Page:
The International Organization for Migration (IOM), the UN Refugee Agency (UNHCR), the United Nations Children’s Fund (UNICEF) and the UN Human Rights Office (OHCHR) call on states to refrain from expelling Haitians without proper assessment of their individual protection needs, to uphold the fundamental human rights of Haitians on the move, and to offer protection mechanisms or other legal stay arrangements for more effective access to regular migration pathways.
The four agencies also encourage countries in the Americas to engage in a comprehensive regional approach to ensure the protection of Haitian men, women and children moving throughout the region.
The UN and its partners are providing basic assistance to Haitians at various points en route and in Haiti. However, more needs to be done to address their profound vulnerabilities.
The complex social, economic, humanitarian and political situation, and the various catastrophes affecting Haiti, some of which are linked to the impacts of climate change and environmental degradation, have led to different population movements from the Caribbean country in the past decade.
Haitians on the move in the Americas comprise people with different protection needs, profiles and motivations, including unaccompanied and separated children, victims of trafficking, and survivors of gender-based violence. Some may have well-founded grounds to request international refugee protection. Others may have other protection needs.
International law prohibits collective expulsions and requires that each case be examined individually to identify protection needs under international human rights and refugee law.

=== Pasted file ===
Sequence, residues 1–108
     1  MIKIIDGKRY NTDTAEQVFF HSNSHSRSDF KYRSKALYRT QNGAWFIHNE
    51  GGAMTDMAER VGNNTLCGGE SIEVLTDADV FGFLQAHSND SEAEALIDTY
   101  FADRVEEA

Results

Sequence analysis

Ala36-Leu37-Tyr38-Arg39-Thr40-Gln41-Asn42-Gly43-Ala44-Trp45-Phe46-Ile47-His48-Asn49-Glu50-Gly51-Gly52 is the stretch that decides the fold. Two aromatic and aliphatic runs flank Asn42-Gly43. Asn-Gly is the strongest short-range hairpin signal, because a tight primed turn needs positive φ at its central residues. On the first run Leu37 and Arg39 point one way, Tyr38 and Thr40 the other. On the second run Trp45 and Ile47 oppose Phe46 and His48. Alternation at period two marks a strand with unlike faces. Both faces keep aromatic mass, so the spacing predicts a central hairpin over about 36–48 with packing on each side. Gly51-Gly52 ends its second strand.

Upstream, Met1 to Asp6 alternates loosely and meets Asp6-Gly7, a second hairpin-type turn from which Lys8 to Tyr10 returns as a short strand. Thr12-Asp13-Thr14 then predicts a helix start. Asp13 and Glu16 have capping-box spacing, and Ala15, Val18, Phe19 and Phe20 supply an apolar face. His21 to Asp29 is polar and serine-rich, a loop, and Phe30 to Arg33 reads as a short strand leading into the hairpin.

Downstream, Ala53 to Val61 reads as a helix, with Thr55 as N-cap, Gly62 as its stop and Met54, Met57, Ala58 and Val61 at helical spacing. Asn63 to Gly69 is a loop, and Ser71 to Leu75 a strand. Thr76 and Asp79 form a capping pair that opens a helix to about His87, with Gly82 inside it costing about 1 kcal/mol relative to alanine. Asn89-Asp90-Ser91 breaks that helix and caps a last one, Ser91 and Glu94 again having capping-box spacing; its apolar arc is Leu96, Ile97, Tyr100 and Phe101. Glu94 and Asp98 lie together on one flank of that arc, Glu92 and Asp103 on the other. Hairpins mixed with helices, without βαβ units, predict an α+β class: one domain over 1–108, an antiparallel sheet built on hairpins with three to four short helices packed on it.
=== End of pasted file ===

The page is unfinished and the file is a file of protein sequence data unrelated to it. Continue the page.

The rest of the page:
Discriminatory public discourse portraying human mobility as a problem risks contributing to racism and xenophobia and should be avoided and condemned.
Haiti continues to face an escalation in violence and insecurity, with at least 19,000 people internally displaced in the capital Port-au-Prince in the summer of 2021 alone. Well over 20 per cent of girls and boys have been victims of sexual violence.
In addition, nearly 24 per cent of the population, including 12.9 per cent who are children, live below the extreme poverty line of US$ 1.23 per day. Some 4.4 million people, or nearly 46 per cent of the population, face acute food insecurity, including 1.2 million people who are in emergency levels and 3.2 million people at crisis levels. An estimated 217,000 children suffer from moderate-to-severe acute malnutrition.
This situation is bound to worsen as a result of the 14 August earthquake straining any capacity to receive returning Haitians. Conditions in Haiti continue to be dire, and not conducive to forced returns.